Marks & Spencer knickers display branded 'vomit-inducing'

  • Published
M&S window display in Nottingham
Image caption,
Fran Bailey said the juxtaposition was "grossly, grossly offensive"

Feminists have described a Marks & Spencer window display that suggests women must have "fancy little knickers" as sexist and "vomit-inducing".

The display at the Nottingham store is juxtaposed with one which suggests men must have "outfits to impress".

A campaigner altered the window so that it read "full human rights" instead of "knickers".

M&S said the displays were part of a wider campaign that featured a variety of "must-haves".

Another window display at the same Nottingham store is aimed at women and suggests they, too, must have "outfits to impress".

Concern was raised when a photo was posted in a Facebook group called Feminist Friends Nottingham.

Image source, Siân Steans
Image caption,
A campaigner altered the window so that it read "full human rights" instead of "knickers"

Fran Bailey asked: "Ok, M&S Nottingham, have we really not learned anything in the last 35 years? Or am I alone in finding this, their major window display, completely vomit inducing?"

Speaking to the BBC, she said the display had "incensed" her for two reasons and had put her off from shopping at M&S.

"I think M&S using the slogan 'must-have' over Christmas fripperies is very distasteful when true necessities are lacking for many working and non-working people; the true necessities being warmth, shelter and food," she said.

"I also feel very, very strongly about the representation of women as being preoccupied with fancy little knickers, whereas men are presented as powerful and needing to be impressive.

"I don't have a problem with people choosing to wear whatever they want to wear, I just feel like the juxtaposition is what's grossly, grossly offensive.

"We are surrounded by sexual images of both men and women. M&S are not by any means the only offenders but that particular window just epitomises everything that's wrong with current marketing and how far backwards we've gone."

Image source, M&S
Image caption,
The wider campaign includes an image of model David Gandy washing up

M&S said its stores had various combinations of Christmas window displays, but the same two displays would appear next to one another at some other branches.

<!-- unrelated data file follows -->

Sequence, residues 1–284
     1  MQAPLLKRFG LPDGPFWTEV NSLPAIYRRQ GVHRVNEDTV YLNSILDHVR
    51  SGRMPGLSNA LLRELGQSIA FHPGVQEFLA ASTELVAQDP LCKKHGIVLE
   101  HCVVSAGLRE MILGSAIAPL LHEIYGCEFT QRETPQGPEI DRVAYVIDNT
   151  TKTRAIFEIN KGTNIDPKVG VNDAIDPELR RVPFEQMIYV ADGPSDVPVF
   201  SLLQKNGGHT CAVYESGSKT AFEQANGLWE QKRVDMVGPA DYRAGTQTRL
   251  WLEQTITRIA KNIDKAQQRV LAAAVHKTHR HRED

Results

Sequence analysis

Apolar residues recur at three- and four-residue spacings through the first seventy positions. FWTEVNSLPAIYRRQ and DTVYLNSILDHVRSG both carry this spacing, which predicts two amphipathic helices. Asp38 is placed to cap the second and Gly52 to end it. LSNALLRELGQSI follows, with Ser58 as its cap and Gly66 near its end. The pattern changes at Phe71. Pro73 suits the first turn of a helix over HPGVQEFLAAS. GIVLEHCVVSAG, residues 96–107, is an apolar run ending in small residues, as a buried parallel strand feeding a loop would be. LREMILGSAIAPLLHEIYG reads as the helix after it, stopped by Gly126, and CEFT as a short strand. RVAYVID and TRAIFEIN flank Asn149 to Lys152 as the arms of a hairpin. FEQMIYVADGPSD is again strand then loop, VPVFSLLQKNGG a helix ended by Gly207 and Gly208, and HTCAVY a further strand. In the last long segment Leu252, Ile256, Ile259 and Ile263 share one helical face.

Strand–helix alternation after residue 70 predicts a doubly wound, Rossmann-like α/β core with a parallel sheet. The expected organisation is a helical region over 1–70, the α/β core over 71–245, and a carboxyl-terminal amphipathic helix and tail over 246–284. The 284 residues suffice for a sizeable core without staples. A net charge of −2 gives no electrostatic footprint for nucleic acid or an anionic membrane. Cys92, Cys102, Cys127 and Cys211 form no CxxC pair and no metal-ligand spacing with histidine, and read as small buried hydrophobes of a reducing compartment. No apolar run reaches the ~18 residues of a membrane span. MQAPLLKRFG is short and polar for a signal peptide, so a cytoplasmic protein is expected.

The retailer said in a statement: "M&S sells more underwear, in more shapes, sizes and styles, than any other retailer, especially at Christmas.

"We've highlighted one combination in our windows, which are part of a wider campaign that features a large variety of Must-Have Christmas moments, from David Gandy washing up in an M&S suit through to families snuggling up in our matching PJs."

Image caption,
A display at the same Nottingham store suggests women must also have "outfits to impress"

One reply to the Facebook post alluded to a rape trial in which the defendant's lawyer suggested a teenage girl's choice of underwear suggested she had consented to sex.

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Another post, from a man, said the window display was "far too provocative and rapey".

"It is not the right sort of message especially during this current season when people drink more and their filters are thrown out of the window," he wrote.

Siân Steans took a photo of the display after it was altered by someone from the Nottingham Feminist Action Network.

'Objects to titillate'

"As a feminist and a mother to a young daughter I felt embarrassed that I had to yet again explain why women are depicted with so little respect," she said.

"When companies insist on men being fully clothed and women showcasing lingerie only, it sends a message about women's place in society as objects to titillate."

Outrage grew when the photo was shared on Twitter by FiLiA, which describes itself as "The Largest Annual Feminist Conference in the UK".

The BBC is not responsible for the content of external sites.View original tweet on Twitter

They described the response from M&S as "painfully poor" and "ignoring the wider issues and their contribution to maintaining sexist stereotypes".

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